Each cost estimate of specific legislation was further divided into the broad non-interest legislative categories (defense, non-defense and tax cuts), and Pew subtracted these components from the broad debt drivers. For TARP, Pew followed CBO’s methodology by using their 2008 estimate as the legislative effect of the legislation and classifying the difference between that initial estimate and the reestimate CBO made in 2011 as a technical revision. Pew recategorized any legislative debt growth remaining after accounting for these six policies as other defense spending, other non-defense spending and other tax cuts. Pew aggregated all legislative net interest growth into a single separate category, and OMF was calculated in exactly the same manner for the detailed breakdown as it did for the broad drivers. Finally, the technical & economic component was allocated between revenue decreases and spending increases.
- 1 Federal fiscal years run from October 1 of the previous calendar year through September 30 of the eponymous calendar year.
- 2 Because the CBO projected, in January 2001, that persistent surpluses would accumulate as savings and would offset nonredeemable federal debt, Pew used CBO’s projection of “net indebtedness.”
- 3 To split legislative net interest between spending increases and tax cuts, Pew used the ratio of cumulative legislative spending increases to cumulative tax cuts through each year.
- 4 Since no estimates of outlays for the operations in Iraq and Afghanistan exist, Pew used CBO’s estimate of budget authority. However, CBO and OMB estimates of outlay rates for the overseas operations are high (greater than 90 percent in the first year), so total budget authority through 2011 is a close approximation of total spending through 2011.
- 5 CBO also has reestimated the costs of the 2009 stimulus, but the new estimates do not include sufficient detail for Pew to categorize the revisions between categories.
Sources: The Great Debt Shift, Pew Charitable Trusts Organization
How the Deficit Got This Big
With President Obama and Republican leaders calling for cutting the budget by trillions over the next 10 years, it is worth asking how we got here — from healthy surpluses at the end of the Clinton era, and the promise of future surpluses, to nine straight years of deficits, including the $1.3 trillion shortfall in 2010. The answer is largely the Bush-era tax cuts, war spending in Iraq and Afghanistan, and recessions.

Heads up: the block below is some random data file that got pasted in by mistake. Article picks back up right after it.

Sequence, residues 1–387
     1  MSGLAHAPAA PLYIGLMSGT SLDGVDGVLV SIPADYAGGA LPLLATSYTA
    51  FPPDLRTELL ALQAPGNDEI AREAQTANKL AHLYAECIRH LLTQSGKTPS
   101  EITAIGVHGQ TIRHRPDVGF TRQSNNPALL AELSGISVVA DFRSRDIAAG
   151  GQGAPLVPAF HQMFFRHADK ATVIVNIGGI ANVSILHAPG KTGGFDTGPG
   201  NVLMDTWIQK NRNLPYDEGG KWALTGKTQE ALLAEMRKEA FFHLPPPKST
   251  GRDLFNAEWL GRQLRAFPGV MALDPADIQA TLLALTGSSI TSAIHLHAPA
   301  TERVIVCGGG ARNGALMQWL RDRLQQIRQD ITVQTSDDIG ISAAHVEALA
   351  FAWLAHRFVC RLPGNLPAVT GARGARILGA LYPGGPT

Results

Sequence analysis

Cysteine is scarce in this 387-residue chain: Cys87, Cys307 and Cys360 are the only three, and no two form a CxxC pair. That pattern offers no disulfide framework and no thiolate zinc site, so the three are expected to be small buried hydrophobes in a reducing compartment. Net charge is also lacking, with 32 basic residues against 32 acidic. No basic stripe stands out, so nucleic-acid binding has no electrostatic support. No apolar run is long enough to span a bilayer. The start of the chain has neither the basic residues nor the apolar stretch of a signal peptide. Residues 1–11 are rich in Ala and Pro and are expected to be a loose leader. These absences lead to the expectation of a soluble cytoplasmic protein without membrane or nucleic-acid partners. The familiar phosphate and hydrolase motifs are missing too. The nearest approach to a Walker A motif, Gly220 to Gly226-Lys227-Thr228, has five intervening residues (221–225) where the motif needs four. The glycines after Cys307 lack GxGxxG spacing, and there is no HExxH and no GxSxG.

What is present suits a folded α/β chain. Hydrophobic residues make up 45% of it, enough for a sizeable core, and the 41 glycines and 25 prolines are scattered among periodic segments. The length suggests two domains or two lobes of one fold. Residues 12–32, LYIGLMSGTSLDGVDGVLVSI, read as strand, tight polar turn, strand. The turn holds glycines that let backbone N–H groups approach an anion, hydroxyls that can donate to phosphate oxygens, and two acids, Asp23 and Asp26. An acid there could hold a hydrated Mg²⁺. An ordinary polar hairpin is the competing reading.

The first graph
shows the difference between budget projections and budget reality. In 2001, President George W. Bush inherited a surplus, with projections by the Congressional Budget Office for ever-increasing surpluses, assuming continuation of the good economy and President Bill Clinton’s policies. But every year starting in 2002, the budget fell into deficit. In January 2009, just before President Obama took office, the budget office projected a $1.2 trillion deficit for 2009 and deficits in subsequent years, based on continuing Mr. Bush’s policies and the effects of recession. Mr. Obama’s policies in 2009 and 2010, including the stimulus package, added to the deficits in those years but are largely temporary.
The second graph
shows that under Mr. Bush, tax cuts and war spending were the biggest policy drivers of the swing from projected surpluses to deficits from 2002 to 2009. Budget estimates that didn’t foresee the recessions in 2001 and in 2008 and 2009 also contributed to deficits. Mr. Obama’s policies, taken out to 2017, add to deficits, but not by nearly as much.
A few lessons can be drawn from the numbers. First, the Bush tax cuts have had a huge damaging effect. If all of them expired as scheduled at the end of 2012, future deficits would be cut by about half, to sustainable levels. Second, a healthy budget requires a healthy economy; recessions wreak havoc by reducing tax revenue. Government has to spur demand and create jobs in a deep downturn, even though doing so worsens the deficit in the short run. Third, spending cuts alone will not close the gap. The chronic revenue shortfalls from serial tax cuts are simply too deep to fill with spending cuts alone. Taxes have to go up.
In future decades, when rising health costs with an aging population hit the budget in full force, deficits are projected to be far deeper than they are now. Effective health care reform, and a willingness to pay more taxes, will be the biggest factors in controlling those deficits.
A version of this editorial appeared in print on July 24, 2011, on page SR11 of the New York edition with the headline: How the Deficit Got This Big source: NYTimes.com
15 Trillion Dollars
What does 15 Trillion Dollars look like, An illustration of United States of America’s debt problems; with national debt and unfunded liablities put into perspective. below Showing One Million to 114.5 Trillion,
Ten Charts Essential to Understanding the Federal Debt
Since April 2010, the Pew Fiscal Analysis Initiative has published several reports explaining the medium-and long-term fiscal challenges facing the federal government. With stagnating economic conditions and the passage of new legislation, especially the Budget Control Act of 2011, the outlook for the deficit and debt has changed considerably over the past six months.